By Barney Smith

Amidst all the excitement of last week’s Budget, there was, perhaps, one encouraging sign for the longer term. There does seem to be a growing realisation that the nuclear future is not all large plants, which are typically both over budget and way behind timetable: there may, indeed, ought to, be room for smaller plants as well. Their advocates say they would be quicker to bring into commission and, crucially, significantly cheaper if constructed on the modular principle.

It is not the case that this is an example of a new technology suddenly bursting on the market. The arguments in favour of small modular reactors (SMRs) are well known and indeed have been known for many years, ever since Rolls-Royce worked on the first generation of our nuclear submarines. Rather, in the last few years there has been a creeping realisation that the arguments for SMRs have more merit than previously thought.

An SMR is defined as a nuclear device with a capacity of a few hundred MW and it is claimed that modular production could transform the present costly position on nuclear. With costs falling significantly, there could even be export possibilities.

In his Budget Speech, as a sign, perhaps, of a “Change of heart”, the Chancellor announced that the Government has launched an open competition for small modular reactors, where companies can aim at reducing the construction risk inherent in larger projects by using factory-style production. The hope is that this will enable consortia, like that headed by Rolls-Royce, to put forward more detailed plans. To that end, the consortium’s reactor design is already being examined by the Government’s safety regulator, the Office for Nuclear Regulation.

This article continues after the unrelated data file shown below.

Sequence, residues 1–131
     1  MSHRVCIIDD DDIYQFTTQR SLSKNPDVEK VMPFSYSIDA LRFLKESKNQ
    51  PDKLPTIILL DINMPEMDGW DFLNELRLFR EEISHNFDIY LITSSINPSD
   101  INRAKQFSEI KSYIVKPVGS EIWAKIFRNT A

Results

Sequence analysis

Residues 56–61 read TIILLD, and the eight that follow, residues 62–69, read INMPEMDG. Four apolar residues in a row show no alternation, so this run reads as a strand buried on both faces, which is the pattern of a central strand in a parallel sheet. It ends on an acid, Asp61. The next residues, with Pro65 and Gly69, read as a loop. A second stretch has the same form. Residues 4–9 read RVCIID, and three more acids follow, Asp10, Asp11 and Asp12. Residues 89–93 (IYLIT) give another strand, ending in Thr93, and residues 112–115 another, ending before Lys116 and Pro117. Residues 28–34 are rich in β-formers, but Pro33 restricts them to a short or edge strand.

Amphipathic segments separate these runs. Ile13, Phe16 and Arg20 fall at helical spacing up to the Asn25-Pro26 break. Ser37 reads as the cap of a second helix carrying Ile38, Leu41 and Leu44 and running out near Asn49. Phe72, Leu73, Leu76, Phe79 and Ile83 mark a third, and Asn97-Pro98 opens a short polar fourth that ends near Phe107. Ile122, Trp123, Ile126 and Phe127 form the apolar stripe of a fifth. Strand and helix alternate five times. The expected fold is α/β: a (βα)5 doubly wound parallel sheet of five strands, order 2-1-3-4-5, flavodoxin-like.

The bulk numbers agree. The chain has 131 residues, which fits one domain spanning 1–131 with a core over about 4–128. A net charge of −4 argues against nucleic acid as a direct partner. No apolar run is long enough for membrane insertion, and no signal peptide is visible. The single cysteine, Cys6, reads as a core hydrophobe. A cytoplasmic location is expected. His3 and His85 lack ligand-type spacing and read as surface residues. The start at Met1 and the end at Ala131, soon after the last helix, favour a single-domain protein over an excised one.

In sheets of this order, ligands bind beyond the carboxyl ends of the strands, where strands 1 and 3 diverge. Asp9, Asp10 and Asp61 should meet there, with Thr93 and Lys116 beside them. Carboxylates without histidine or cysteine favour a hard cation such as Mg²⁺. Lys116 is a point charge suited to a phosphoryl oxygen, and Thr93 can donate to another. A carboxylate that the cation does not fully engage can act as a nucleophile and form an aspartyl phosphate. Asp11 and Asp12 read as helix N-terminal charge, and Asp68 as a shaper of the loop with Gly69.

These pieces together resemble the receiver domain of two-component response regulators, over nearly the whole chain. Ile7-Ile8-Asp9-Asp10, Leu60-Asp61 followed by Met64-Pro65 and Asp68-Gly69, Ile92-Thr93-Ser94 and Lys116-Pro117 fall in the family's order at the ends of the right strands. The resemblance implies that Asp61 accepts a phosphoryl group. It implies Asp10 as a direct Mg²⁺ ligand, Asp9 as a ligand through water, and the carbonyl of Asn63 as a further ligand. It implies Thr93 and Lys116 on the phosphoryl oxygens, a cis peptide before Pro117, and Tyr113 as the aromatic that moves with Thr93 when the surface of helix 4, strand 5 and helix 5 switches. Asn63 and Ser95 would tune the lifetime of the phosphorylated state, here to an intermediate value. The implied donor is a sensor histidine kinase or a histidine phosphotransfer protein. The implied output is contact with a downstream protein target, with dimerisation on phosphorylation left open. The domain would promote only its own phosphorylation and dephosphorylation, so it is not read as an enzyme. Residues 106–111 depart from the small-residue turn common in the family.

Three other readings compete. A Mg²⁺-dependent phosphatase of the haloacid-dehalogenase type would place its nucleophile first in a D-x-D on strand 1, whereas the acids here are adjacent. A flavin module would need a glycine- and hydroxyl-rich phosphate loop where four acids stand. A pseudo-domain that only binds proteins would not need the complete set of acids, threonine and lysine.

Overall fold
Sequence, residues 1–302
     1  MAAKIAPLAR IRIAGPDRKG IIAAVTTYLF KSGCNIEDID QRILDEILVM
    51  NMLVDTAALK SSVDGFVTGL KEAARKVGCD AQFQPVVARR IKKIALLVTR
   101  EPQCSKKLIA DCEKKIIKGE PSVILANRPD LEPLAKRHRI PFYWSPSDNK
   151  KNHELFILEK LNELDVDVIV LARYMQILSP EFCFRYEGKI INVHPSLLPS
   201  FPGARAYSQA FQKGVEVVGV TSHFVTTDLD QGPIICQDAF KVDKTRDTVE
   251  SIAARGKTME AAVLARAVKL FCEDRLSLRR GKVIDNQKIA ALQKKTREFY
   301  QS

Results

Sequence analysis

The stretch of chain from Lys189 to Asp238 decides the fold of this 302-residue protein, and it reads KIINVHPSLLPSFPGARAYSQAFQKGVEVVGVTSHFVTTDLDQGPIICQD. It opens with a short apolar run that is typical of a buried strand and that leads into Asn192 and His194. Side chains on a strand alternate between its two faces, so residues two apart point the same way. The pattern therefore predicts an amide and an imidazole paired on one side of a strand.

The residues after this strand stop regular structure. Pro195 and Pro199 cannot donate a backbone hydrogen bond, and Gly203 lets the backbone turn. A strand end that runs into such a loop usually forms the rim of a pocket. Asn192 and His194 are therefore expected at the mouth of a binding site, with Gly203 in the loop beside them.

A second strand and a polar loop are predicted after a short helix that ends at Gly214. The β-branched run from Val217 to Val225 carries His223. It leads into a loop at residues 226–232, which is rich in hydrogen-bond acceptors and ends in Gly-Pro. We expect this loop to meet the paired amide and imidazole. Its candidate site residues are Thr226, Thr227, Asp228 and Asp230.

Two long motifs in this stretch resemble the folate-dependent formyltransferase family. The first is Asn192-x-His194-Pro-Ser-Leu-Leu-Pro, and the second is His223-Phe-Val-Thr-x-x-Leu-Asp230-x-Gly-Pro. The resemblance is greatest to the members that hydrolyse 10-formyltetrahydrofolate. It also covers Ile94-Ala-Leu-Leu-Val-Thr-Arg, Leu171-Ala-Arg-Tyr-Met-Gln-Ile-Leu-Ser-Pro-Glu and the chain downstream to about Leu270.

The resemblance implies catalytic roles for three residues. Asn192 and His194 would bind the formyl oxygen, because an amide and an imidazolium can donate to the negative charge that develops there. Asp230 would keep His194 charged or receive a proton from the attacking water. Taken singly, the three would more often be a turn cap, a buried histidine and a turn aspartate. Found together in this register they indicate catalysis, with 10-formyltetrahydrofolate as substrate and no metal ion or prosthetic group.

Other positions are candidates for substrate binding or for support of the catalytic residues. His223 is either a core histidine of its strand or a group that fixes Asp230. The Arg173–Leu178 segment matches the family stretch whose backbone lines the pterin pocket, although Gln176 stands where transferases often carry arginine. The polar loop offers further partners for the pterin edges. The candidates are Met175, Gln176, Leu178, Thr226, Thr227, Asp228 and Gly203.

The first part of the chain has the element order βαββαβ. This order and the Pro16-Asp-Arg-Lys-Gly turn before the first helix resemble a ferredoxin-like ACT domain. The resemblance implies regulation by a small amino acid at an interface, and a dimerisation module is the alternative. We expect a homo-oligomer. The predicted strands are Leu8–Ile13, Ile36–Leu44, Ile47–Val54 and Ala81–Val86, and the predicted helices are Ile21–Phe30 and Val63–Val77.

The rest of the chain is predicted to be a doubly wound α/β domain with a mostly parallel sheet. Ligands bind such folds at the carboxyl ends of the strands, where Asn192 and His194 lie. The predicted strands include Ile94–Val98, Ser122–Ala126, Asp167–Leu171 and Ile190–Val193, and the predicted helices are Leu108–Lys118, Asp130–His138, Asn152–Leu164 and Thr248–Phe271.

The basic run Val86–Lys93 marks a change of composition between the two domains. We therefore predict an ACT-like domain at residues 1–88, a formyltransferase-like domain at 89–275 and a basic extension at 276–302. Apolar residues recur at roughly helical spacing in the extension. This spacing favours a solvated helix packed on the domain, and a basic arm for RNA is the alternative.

Mr. Hunt also announced the launch of Great British Nuclear (GBN), a new body. He said that its’ major task would be to revive nuclear energy in the UK. For although the seven existing nuclear power stations produce far more electricity than the proposed modular sites (Up to 3 GW) six of them are due to be “retired” by 2030. And the problem does not end there for the remaining site, Sizewell, is due to be “retired” in 2035.It is acknowledged that one of the factors leading to cost overruns is that the existing sites are so big and so individualistic that there are few opportunities to learn from mistakes.

GBN is also to be tasked with ensuring that an increased percentage of Britain’s electricity comes from nuclear by 2050, as envisaged in last year’s energy security strategy. (It is hoped that the percentage will go up to roughly twenty-five per cent.) In addition, GBN is to help companies find suitable sites for nuclear power plants, thus developing what would become an important source of site proposals for the Government.

But that is for the future. For the present, a word or two of caution is advisable-there is no identifiable new money for nuclear or indeed for anything else, even though Mr Hunt expressed a wish to invest up to twenty billion pounds in carbon capture and storage capacity over the next two decades.